Kolten Wong

Kolten Wong

33-Year-Old Second Baseman2B
 Free Agent  
Free Agent
2024 Fantasy Outlook
There was no outlook written for Kolten Wong in 2024. Check out the latest news below for more on his current fantasy value.
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#362
ADP
$Signed a one-year, minor-league contract with the Diamondbacks in April of 2024. Released by the Diamondbacks in May of 2024.
Released by Arizona
2BFree Agent  
May 28, 2024
The Diamondbacks released Wong on Monday.
ANALYSIS
It's not clear whether this was the Diamondbacks' decision or an opt-out situation, but either way Wong is now a free agent. The veteran second baseman slashed .271/.339/.383 with two home runs and two stolen bases over 31 games during his time with Triple-A Reno.
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Batting Stats
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2023 MLB Game Log
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2022 MLB Game Log
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2021 MLB Game Log
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2020 MLB Game Log
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2019 MLB Game Log
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2018 MLB Game Log
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2017 MLB Game Log
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Left/Right Batting Splits
Since 2022
 
 
+71%
OPS vs RHP
2024
No Stats
2023
 
 
+36%
OPS vs RHP
2022
 
 
+92%
OPS vs RHP
OPS PA R HR RBI SB AVG OBP SLG
Since 2022vs Left .431 127 9 2 5 1 .136 .240 .191
Since 2022vs Right .736 620 81 17 69 19 .246 .326 .410
2024vs Left 0 0 0 0 0 0 0 0 0
2024vs Right 0 0 0 0 0 0 0 0 0
2023vs Left .395 31 1 1 2 0 .133 .161 .233
2023vs Right .537 219 24 3 25 3 .191 .269 .268
2022vs Left .441 96 8 1 3 1 .138 .266 .175
2022vs Right .845 401 57 14 44 16 .277 .357 .489
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Home/Away Batting Splits
Since 2022
 
 
+1%
OPS at Home
2024
No Stats
2023
 
 
+14%
OPS on Road
2022
 
 
+2%
OPS at Home
OPS PA R HR RBI SB AVG OBP SLG
Since 2022Home .688 349 43 10 36 7 .211 .305 .383
Since 2022Away .681 398 47 9 38 13 .242 .317 .365
2024Home 0 0 0 0 0 0 0 0 0
2024Away 0 0 0 0 0 0 0 0 0
2023Home .480 104 13 2 11 1 .141 .240 .239
2023Away .547 146 12 2 16 2 .212 .267 .280
2022Home .779 245 30 8 25 6 .242 .333 .445
2022Away .761 252 35 7 22 11 .260 .345 .416
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Stats Vs Upcoming Pitchers
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Recent RotoWire Articles Featuring Kolten Wong See More
Spring Training Job Battles: American League Late-March Update
122 days ago
Eight job battles have received significant updates this week, including Opening Day decisions on two top prospects and changes to three closer situations.
Breakout Breakdown: Isaac Paredes
189 days ago
Isaac Paredes clubbed 31 homers last year despite not making much hard contact overall. What should we make of him for 2024?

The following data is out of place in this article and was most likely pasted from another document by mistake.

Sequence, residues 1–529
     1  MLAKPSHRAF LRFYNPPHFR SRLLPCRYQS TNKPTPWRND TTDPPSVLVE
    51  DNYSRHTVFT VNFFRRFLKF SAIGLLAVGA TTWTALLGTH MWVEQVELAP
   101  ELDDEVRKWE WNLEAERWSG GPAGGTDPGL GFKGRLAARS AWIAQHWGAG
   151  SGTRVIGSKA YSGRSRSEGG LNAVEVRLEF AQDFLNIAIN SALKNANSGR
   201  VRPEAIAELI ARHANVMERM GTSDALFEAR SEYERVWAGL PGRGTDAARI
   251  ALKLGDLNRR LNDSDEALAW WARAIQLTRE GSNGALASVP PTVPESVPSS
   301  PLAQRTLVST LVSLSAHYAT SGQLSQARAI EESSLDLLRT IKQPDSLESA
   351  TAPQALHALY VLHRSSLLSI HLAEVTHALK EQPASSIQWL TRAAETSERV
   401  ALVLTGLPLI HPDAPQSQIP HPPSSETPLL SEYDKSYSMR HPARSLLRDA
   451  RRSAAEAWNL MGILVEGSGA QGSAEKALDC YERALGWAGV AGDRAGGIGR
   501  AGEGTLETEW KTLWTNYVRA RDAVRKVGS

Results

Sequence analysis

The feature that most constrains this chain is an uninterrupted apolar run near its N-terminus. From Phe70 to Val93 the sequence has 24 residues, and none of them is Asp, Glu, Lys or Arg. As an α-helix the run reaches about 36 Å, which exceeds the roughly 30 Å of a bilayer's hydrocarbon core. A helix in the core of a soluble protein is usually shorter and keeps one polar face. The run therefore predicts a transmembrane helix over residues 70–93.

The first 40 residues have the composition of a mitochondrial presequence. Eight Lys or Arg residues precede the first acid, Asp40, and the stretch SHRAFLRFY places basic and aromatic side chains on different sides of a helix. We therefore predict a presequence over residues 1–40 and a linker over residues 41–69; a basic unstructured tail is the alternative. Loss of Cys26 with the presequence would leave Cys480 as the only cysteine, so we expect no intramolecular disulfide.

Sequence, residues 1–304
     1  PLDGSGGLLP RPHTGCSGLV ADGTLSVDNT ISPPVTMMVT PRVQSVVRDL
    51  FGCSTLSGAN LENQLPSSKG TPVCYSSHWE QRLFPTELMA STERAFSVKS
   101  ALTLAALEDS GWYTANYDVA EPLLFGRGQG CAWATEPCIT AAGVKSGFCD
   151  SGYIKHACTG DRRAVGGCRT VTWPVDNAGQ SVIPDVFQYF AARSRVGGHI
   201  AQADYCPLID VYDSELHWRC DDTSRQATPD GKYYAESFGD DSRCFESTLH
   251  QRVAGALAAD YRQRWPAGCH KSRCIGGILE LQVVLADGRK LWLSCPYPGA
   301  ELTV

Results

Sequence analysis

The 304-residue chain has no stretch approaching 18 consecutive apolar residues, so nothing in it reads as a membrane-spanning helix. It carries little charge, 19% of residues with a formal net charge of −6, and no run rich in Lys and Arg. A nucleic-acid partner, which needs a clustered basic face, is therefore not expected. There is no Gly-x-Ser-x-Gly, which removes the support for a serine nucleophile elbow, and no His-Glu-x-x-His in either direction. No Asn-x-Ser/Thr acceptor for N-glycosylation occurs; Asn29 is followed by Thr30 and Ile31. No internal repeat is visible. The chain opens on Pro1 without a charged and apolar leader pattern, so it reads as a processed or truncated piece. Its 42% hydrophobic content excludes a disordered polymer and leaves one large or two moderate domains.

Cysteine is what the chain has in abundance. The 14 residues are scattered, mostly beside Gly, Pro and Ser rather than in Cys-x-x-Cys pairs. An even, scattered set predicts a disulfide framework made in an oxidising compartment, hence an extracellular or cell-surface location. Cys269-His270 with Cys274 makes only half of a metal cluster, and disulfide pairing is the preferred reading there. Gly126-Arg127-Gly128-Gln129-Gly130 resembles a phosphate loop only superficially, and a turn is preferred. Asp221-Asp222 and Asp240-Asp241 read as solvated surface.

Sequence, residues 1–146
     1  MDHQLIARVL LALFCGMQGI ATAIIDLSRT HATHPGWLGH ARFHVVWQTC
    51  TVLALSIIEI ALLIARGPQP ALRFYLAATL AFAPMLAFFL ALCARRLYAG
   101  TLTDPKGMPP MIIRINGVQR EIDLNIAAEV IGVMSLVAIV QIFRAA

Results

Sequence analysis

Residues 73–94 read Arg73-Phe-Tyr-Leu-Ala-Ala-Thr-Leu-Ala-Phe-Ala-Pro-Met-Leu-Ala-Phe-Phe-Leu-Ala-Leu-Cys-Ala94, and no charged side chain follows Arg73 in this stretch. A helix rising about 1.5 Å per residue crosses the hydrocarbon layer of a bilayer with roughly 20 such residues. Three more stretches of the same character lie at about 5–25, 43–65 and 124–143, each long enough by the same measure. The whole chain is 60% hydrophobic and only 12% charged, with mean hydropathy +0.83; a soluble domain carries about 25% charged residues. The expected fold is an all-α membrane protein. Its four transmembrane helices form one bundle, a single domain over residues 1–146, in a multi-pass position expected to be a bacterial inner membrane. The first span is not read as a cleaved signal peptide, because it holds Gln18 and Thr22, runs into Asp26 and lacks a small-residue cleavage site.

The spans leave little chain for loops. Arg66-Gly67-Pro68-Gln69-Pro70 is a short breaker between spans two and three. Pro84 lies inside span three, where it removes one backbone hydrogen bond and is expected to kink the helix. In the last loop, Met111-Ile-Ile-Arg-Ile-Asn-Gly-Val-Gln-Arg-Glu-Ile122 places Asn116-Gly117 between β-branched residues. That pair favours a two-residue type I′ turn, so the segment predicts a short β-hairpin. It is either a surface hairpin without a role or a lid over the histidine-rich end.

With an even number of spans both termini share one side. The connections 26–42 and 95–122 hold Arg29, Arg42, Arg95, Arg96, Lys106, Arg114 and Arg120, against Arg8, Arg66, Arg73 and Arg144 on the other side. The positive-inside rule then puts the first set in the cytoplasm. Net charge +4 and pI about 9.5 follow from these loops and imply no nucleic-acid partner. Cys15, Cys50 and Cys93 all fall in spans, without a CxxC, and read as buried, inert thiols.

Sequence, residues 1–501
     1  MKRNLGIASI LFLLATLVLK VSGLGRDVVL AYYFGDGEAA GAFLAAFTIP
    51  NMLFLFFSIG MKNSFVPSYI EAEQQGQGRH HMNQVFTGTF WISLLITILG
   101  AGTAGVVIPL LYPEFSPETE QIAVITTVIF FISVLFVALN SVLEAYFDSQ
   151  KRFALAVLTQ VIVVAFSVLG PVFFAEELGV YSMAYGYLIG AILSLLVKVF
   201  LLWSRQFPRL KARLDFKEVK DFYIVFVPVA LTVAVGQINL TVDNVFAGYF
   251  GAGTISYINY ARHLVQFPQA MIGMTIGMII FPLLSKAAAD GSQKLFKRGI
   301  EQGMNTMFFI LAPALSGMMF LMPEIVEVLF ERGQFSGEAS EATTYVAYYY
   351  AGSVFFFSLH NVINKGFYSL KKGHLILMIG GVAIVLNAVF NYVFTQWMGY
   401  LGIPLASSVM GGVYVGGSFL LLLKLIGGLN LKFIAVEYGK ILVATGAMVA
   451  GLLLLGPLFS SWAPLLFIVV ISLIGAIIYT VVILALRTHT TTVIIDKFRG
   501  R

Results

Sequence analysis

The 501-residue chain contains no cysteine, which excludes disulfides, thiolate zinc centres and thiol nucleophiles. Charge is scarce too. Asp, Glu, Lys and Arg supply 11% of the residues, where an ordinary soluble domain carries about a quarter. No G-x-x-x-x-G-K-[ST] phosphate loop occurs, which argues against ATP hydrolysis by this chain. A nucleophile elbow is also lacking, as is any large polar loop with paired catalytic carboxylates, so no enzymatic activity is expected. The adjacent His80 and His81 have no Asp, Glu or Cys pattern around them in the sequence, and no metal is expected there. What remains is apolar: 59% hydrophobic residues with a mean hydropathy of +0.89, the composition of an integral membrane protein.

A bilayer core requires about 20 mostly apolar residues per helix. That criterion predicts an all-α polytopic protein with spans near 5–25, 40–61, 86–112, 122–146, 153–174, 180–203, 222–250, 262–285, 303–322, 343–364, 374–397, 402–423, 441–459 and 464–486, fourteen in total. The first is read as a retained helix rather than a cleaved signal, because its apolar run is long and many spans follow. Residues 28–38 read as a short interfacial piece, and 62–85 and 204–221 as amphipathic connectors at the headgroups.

MLB Barometer: End-of-Season Risers and Fallers
298 days ago
Erik Halterman looks at the best and worst players by round for earned auction value rankings, including Freddie Freeman, who from a pure "spots gained" perspective, was the best pick of Round 1.
Collette Calls: AL Hitting Bold Predictions Review
302 days ago
Jason Collette begins his review of his preseason Bold Predictions series, starting with American League hitters.
NL FAAB Factor: Waiver Pickups of the Week
324 days ago
With rosters expanding, Jan Levine has picked out a few players who could instantly help your fantasy squads.
Past Fantasy Outlooks
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A calf strain and subsequent setback cost Wong three weeks. He would go on to slash .281/.372/.490 with nine homers and seven steals in 64 games after the All-Star break, although he lost time to lefties as his struggles against them mounted (.138/.266/.175 vs. LHP for the season). Wong hit .294 against southpaw pitching in 2021, but he has an obvious platoon partner in Dylan Moore after getting sent to Seattle in the Jesse Winker deal, so a loose platoon should be expected to begin 2023. Wong has proven to be productive against righties in his career with a solid average and a splash of both power and speed. He has only cleared 500 plate appearances twice in the majors and yet has recorded double-digit homers and steals on five occasions. His speed is waning as he pushes closer to his mid-30s, perhaps leaving some question about the sustainability of his stolen bases.
Wong has turned himself into a nice triple-threat fantasy option, providing power, speed and a nice batting average. While most of his profile remained constant in 2021, he did hit a career-high 14 homers in fewer than 500 plate appearances during his first year with the Brewers. He dealt with some mid-season injuries (oblique, calf). Before the injuries, he was hitting .280/.343/.441, but his slash line dropped to .250/.318/.417 after he returned from the second IL stint. Another issue was his highest strikeout rate since his rookie season as it increased to 16.9%. Those are relatively small flaws from an otherwise safe and productive player. He's found a home in Milwaukee where he can play every day, when healthy. Roster away.